Most experts believe the virus most likely jumped from animals to humans. The highly politicized debate centers on whether a lab leak is so unlikely that the theory should be ruled out as a possibility, or if it merits further study. Zeng said the Wuhan lab has no virus that can directly infect humans. He noted that a WHO-coordinated team of international experts who visited the lab earlier this year concluded that a lab leak was highly unlikely.
The search for the origins of the virus has become a diplomatic issue that has worsened China’s relations with the U.S. and many of its allies. The U.S. and others say that China has not been transparent about what happened in the early days of the pandemic. China accuses critics of politicizing an issue that should be left to scientists. “It is impossible for us to accept such an origin-tracing plan,” he said a a news conference called to address the COVID-19 origins issue.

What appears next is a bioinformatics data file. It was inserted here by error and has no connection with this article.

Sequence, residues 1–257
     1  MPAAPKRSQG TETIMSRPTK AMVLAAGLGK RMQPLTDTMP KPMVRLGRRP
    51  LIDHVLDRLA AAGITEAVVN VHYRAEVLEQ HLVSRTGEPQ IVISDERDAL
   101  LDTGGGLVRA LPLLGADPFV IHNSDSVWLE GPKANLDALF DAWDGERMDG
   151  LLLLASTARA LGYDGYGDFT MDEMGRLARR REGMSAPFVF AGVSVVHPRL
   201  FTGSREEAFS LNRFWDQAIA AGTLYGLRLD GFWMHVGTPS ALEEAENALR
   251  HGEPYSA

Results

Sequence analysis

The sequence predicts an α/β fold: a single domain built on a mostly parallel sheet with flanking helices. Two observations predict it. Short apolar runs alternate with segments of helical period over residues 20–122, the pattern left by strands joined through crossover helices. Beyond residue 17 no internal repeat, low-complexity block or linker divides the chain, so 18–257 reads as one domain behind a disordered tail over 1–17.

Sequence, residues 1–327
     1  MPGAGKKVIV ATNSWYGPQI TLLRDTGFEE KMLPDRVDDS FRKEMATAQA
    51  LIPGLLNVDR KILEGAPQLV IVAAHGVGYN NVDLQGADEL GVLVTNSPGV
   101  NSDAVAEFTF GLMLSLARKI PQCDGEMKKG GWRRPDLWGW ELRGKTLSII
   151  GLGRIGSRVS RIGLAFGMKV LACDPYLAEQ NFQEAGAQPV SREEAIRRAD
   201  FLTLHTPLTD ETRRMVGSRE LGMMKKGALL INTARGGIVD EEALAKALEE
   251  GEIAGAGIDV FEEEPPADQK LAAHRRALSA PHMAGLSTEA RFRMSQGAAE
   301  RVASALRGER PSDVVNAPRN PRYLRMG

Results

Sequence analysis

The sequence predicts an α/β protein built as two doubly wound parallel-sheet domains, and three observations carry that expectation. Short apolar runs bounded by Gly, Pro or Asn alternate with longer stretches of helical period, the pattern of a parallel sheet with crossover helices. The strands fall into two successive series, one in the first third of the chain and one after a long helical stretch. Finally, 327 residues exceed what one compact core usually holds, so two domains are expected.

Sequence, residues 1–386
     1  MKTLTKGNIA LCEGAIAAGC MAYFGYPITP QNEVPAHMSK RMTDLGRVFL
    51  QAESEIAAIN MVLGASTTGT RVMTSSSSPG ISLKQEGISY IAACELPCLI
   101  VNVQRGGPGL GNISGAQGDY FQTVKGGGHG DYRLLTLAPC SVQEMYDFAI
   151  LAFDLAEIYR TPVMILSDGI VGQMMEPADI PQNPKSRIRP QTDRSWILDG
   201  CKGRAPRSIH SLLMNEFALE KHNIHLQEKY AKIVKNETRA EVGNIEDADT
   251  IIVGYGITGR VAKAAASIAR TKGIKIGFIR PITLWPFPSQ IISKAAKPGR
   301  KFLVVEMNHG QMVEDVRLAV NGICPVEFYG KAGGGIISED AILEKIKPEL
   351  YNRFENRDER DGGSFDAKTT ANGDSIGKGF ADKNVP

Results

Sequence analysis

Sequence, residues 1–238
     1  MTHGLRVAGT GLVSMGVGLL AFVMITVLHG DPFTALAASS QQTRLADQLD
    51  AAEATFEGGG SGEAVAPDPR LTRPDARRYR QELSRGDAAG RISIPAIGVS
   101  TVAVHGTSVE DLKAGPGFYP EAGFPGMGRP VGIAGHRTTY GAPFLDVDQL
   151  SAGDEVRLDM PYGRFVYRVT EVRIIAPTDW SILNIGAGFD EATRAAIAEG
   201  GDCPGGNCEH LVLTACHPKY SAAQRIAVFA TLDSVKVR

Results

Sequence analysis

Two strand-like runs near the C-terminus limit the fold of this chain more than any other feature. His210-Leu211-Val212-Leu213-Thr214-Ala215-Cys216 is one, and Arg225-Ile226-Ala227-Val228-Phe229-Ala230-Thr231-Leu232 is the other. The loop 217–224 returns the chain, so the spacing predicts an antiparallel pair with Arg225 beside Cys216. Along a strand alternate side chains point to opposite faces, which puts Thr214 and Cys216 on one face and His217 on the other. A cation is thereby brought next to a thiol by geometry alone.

Tedros Adhanom Ghebreyesus, the director-general of WHO, acknowledged last week that it was premature to rule out a potential link between the pandemic and a leak from a Chinese government lab in Wuhan, the city where the disease was first detected in late 2019. He dismissed the theory as a rumor that runs counter to common sense and science.
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